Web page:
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Sean Brock on Cook It Raw and Appalachian Cooking

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Photo: Neighborhood Dining Group

The last time Sean Brock did an interview with this site, he hadn't yet been the subject of a 9,000-word profile in the New Yorker, he hadn't yet been one of the stars of the Cook It Raw episode of No Reservations, and his Charleston restaurant Husk hadn't yet been named the best new restaurant in the country by Bon Appétit. Those are but three of the many accolades the chef has racked up in a year during which he's become the most visible member of the renaissance currently taking place in kitchens throughout the American South.

Brock still talks about being a country boy who wants to preach the gospel, but now he acknowledges that he has a platform he never imagined having access to. And he intends to use it: he's traveling all over, he's pitching a TV show, and he's evolving both his restaurants while now pursuing the study of Appalachian cooking. In the following interview, he runs through it all.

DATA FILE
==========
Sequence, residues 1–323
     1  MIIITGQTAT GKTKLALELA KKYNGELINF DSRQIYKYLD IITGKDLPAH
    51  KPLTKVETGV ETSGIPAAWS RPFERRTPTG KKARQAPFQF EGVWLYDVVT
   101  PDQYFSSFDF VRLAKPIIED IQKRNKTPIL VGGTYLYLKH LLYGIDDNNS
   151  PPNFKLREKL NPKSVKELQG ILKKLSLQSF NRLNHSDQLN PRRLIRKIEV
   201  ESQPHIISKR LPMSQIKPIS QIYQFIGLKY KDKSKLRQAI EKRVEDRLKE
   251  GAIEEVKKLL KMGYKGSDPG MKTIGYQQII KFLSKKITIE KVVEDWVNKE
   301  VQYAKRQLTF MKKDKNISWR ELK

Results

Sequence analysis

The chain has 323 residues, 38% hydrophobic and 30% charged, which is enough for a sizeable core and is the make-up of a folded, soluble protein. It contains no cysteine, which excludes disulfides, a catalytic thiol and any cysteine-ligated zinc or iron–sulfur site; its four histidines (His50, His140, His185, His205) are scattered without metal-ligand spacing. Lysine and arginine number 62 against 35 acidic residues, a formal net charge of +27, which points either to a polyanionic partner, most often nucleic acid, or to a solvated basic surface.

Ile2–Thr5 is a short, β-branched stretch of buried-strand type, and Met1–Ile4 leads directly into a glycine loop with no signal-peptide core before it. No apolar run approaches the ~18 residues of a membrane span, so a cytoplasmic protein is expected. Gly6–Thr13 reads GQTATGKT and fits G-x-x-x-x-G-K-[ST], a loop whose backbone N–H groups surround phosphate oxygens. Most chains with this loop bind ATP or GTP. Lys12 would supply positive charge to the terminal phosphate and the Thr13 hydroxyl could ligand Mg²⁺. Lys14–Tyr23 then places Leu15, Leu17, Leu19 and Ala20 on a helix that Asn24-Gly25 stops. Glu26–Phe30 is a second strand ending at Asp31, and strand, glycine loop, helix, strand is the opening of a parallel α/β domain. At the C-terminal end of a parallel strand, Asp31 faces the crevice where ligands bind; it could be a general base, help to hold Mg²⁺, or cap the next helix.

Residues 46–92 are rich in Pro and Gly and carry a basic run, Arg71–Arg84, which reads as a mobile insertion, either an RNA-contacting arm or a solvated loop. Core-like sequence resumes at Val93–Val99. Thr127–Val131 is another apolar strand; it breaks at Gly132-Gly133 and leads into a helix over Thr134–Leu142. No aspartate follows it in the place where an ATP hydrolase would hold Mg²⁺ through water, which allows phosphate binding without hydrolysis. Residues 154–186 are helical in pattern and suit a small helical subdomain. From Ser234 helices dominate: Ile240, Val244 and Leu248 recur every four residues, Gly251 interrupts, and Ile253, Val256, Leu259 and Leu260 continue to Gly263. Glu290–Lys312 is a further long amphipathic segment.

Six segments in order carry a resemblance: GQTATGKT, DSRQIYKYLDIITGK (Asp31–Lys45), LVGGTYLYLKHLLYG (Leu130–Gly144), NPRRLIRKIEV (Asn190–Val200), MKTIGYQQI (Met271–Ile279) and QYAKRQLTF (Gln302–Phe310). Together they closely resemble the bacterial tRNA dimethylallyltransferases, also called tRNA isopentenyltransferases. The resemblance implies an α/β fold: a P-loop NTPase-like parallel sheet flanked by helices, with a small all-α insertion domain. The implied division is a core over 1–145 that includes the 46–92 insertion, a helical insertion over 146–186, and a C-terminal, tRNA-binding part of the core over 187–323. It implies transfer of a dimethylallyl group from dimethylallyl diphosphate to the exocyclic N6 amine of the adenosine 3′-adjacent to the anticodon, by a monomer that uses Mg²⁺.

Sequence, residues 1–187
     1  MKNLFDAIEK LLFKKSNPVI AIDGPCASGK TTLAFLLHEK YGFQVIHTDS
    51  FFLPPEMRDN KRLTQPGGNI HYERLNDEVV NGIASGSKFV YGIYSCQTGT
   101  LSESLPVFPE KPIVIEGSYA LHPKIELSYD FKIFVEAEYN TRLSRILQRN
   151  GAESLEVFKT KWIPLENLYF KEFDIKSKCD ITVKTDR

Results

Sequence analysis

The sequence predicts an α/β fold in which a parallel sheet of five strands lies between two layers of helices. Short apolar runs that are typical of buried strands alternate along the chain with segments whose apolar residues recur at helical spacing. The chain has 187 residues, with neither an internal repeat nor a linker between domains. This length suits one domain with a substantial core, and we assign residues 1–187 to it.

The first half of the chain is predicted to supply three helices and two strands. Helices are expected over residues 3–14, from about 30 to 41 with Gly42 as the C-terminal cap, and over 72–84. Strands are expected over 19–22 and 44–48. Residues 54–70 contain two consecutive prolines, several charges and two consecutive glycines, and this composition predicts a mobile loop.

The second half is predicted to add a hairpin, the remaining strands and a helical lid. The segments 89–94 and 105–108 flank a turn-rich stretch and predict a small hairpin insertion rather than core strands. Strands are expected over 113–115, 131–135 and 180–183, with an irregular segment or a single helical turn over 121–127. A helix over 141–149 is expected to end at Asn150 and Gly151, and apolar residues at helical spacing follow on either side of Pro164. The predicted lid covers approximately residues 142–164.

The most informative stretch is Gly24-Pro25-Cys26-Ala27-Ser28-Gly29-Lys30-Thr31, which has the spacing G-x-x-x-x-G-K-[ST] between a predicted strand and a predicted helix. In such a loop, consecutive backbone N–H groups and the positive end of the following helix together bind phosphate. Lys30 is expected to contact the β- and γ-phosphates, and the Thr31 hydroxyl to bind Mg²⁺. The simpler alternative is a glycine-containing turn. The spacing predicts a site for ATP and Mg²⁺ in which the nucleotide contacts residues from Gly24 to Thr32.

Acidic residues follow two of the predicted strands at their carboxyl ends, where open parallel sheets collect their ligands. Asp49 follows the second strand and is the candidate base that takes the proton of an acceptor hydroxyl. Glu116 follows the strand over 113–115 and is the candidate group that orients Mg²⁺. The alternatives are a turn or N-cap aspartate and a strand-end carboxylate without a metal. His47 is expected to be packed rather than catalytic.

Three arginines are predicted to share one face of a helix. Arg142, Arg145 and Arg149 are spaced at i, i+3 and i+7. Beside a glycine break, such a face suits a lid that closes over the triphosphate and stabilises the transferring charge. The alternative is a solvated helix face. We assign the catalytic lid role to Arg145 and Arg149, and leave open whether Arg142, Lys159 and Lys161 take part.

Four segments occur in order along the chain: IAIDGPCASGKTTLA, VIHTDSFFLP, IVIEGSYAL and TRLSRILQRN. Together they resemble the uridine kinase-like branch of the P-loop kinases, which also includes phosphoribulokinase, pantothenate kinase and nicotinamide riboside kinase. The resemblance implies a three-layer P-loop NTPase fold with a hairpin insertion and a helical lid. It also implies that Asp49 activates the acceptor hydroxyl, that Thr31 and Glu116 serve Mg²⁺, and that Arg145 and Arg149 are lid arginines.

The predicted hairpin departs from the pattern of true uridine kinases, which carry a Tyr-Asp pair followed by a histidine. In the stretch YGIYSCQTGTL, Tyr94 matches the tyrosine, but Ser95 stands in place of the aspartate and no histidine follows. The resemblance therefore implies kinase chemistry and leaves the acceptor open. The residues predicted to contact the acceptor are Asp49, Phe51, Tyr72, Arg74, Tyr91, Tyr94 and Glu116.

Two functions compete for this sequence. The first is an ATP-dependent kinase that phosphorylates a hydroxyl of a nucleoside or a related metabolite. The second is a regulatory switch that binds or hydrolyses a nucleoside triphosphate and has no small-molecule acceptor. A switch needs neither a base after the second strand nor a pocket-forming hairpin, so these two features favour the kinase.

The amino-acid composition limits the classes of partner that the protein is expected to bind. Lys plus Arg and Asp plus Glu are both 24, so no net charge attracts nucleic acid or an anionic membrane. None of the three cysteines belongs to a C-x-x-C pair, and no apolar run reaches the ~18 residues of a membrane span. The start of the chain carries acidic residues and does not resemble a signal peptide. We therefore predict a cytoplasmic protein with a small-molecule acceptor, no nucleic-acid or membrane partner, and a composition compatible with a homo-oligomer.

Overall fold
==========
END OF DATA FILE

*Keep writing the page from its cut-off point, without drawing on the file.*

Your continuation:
Safe to say that when I last talked to you, you hadn't totally blown up yet.
I'm a country boy who grew up in the coal fields, dirt poor. Sometimes you don't see these things coming. Sometimes when you work too hard or think that's what you're going for, you screw things up, so you just have to keep your head down, be nice to people, and preach about the right things. When you do that, good things happen. Once good things happen, it's most important to realize that you have to use the platform that you're given the right way.

For me, all of a sudden, it seems like people are noticing that I have something to say about the South. I finally have their attention, which is great. I just pitched a TV show, and I never thought that would happen. That's fucking scary! It's insane.

Was there a single thing that happened that clearly signaled that things had changed?
When I got invited to Cook It Raw. I got that phone call and almost puked. I really was that terrified. "What the hell am I going to do there? Why are they inviting me?"

What did you learn from the experience? And what do you say to people that criticize those gatherings as self-congratulatory, cliquey, or pretentious?